Shouts and laughter fill the air as a group of women struggle to haul a cross that weighs about 250 pounds up an incline leading to Xilotepec, a hill on the outskirts of San Gregorio Atlapulco.
That cross, and two others, are being returned to their place on the crest of the hill two days after they’d been taken down, repainted and decorated. Toting the crosses back up the hill is the culmination of Día de la Cruz (Day of the Cross), which is actually a three-day event that takes place May 1–3 in San Gregorio and in many Mexican pueblos every year.
The hills outside of San Gregorio, located in the Xochimilco borough of Mexico City, are filled with unexcavated ruins. Guarding one of the entrances to the ruins — believed to be in large part the remains of a Mexica religious center — are two giant boulders, referred to in the pueblo as los monolitos (the monoliths).
One of these depicts a priest of Xipe Totec, the Aztec god of, among other things, vegetation and spring. That monolith is still erect, but next to him, lying on the ground, is a monolith depicting Cihuateteo (locals call her La Malinche), the Aztec fertility goddess.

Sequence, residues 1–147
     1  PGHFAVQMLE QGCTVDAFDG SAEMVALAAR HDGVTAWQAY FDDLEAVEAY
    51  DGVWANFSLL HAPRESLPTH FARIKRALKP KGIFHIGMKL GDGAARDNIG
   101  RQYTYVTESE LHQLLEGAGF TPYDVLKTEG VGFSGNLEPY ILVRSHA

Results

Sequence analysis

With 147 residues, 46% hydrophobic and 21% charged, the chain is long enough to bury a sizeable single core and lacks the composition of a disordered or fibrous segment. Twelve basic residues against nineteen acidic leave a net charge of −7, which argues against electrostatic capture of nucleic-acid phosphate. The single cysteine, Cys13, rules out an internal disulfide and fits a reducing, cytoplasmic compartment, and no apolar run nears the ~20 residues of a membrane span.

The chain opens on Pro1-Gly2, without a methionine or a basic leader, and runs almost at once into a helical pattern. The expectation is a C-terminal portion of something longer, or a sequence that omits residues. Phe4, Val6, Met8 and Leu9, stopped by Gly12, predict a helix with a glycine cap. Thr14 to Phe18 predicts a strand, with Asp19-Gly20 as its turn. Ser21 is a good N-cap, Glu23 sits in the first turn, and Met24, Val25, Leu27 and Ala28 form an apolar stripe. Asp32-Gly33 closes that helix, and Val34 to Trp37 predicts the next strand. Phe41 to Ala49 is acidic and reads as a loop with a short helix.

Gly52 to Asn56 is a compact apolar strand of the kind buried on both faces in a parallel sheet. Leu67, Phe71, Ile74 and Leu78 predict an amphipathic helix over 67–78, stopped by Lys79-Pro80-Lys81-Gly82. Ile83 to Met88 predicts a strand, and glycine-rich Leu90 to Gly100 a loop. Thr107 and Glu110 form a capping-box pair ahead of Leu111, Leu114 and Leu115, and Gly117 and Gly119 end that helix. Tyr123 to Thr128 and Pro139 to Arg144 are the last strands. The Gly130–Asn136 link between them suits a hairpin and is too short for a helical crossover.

“That monolith was toppled by the order of Franciscan friars sometime in the decade of 1770,” said Javier Márquez Juárez, who has authored two books and several articles about the ruins.
They probably tried to knock down the priest as well — there’s a small hole in his center that may have been drilled so that they could place a pole in it, in an attempt to dislodge him — but if they did, he wouldn’t budge.
Despite the Franciscans’ efforts, the monoliths maintained their grip on the people.
“Sometime in the late 18th century, Franciscan friars discovered that indigenous people were still performing their ancient rituals in front of the monoliths,” continued Márquez.
This apparently didn’t go over well with the friars. “They placed three large crosses on the top of the hill above them,” he said.
This is similar to what Spaniards did during the Conquest when they frequently built churches or chapels atop pyramids to assert Catholicism’s dominance over indigenous religions.
Día de la Cruz has an extremely long history. Its roots stretch back to 326, when St. Helena, mother of the Roman emperor Constantine, went to Jerusalem to search for remnants of the cross on which Christ is said to have been crucified.